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China Launches Chang’e-6 Probe to Moon’s Far Side

Beijing: China achieved a significant milestone in lunar exploration on Friday with the successful launch of its Chang’e-6 probe to the moon’s far side. Lifted into space by a Long March-5 YB rocket from the Wenchang launch center in Hainan province, the probe embarks on a mission aimed at retrieving samples from this lesser-explored region of the lunar surface.

The primary objective of the Chang’e-6 mission is to collect samples from the moon’s far side, offering valuable insights into the geological composition and characteristics unique to this area. China’s initiative is viewed as a strategic move to bolster its position in the international space race, particularly against the backdrop of competition with the United States for sustained lunar exploration.

NASA Administrator Bill Nelson expressed concerns about China potentially restricting access to lunar resources, highlighting the significance of the moon’s south pole, where water and potential rocket fuel sources are believed to exist. NASA aims to send US astronauts to the moon by 2026, collaborating with private entities like Blue Origin and SpaceX to achieve its goals.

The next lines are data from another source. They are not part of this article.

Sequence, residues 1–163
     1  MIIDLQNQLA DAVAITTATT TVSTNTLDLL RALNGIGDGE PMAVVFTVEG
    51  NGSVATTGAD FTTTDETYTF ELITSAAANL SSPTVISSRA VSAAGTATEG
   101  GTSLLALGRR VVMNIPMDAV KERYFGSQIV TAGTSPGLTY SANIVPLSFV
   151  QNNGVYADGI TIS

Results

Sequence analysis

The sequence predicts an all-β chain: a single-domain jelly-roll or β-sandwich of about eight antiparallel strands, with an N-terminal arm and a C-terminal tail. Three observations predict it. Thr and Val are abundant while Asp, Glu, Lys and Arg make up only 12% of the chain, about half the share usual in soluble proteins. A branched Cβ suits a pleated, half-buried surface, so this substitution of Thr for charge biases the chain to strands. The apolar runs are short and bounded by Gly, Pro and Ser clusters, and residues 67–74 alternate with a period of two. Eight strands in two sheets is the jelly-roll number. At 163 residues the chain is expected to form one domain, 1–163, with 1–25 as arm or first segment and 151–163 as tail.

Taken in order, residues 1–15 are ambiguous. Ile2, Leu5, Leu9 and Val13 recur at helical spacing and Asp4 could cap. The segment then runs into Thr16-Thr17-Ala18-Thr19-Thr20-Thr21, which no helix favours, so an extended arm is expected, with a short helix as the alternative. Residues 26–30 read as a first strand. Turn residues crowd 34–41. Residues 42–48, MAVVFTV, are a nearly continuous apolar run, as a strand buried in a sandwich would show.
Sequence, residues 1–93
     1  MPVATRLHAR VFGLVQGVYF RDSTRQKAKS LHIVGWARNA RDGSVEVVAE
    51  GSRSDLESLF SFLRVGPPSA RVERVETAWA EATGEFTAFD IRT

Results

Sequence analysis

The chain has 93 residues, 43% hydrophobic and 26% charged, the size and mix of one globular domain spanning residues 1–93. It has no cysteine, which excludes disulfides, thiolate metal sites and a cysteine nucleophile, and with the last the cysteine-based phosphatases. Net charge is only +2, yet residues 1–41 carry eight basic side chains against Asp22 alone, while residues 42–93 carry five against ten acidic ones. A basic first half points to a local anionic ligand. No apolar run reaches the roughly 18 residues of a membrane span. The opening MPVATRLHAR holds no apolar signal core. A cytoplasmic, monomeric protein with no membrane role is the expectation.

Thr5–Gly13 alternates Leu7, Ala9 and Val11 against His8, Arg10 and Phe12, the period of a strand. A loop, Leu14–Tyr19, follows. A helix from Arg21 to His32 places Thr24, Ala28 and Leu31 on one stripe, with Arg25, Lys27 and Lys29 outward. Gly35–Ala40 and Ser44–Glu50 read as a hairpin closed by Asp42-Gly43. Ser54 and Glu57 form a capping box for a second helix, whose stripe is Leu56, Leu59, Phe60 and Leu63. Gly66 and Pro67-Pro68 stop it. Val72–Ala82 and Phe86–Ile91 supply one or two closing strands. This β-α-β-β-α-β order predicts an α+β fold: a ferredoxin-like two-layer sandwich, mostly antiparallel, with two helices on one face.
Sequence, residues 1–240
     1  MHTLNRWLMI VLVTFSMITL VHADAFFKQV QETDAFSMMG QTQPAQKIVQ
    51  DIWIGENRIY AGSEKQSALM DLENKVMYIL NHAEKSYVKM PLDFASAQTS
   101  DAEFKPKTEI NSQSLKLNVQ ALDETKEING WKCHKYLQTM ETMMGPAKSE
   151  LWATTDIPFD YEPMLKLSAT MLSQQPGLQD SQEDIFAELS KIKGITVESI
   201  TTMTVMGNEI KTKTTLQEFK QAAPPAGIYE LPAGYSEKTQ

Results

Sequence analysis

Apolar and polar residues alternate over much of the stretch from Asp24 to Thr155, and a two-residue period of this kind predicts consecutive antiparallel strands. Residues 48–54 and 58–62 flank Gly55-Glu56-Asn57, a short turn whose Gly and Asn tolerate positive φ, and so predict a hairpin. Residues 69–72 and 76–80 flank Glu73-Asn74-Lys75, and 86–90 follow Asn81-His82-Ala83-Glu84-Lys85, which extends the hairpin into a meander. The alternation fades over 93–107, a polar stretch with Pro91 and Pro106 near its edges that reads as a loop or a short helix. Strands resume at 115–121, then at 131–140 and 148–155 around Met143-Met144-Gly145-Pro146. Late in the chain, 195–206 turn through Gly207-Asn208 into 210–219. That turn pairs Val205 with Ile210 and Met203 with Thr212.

The far side of the moon presents challenges for communication due to its lack of direct line-of-sight with Earth. To overcome this obstacle, China has deployed a relay satellite to facilitate communication with the Chang’e-6 probe. Once the samples are collected, the spacecraft is expected to return to Earth after 53 days, marking a historic moment in human lunar exploration.

China’s commitment to lunar exploration is well-established, with previous missions including the successful landing of the Chang’e-4 rover on the far side of the moon in 2019 and the return of samples from the near side in 2020. These missions have provided valuable data, including the discovery of water in lunar soil samples.

In a significant development, Pakistan launched its first satellite mission to the moon, iCube Qamar, aboard China’s Chang’e-6. Developed in collaboration with China’s Shanghai University and Pakistan’s national space agency SUPARCO, iCube Qamar aims to facilitate scientific research and technology development in space exploration.

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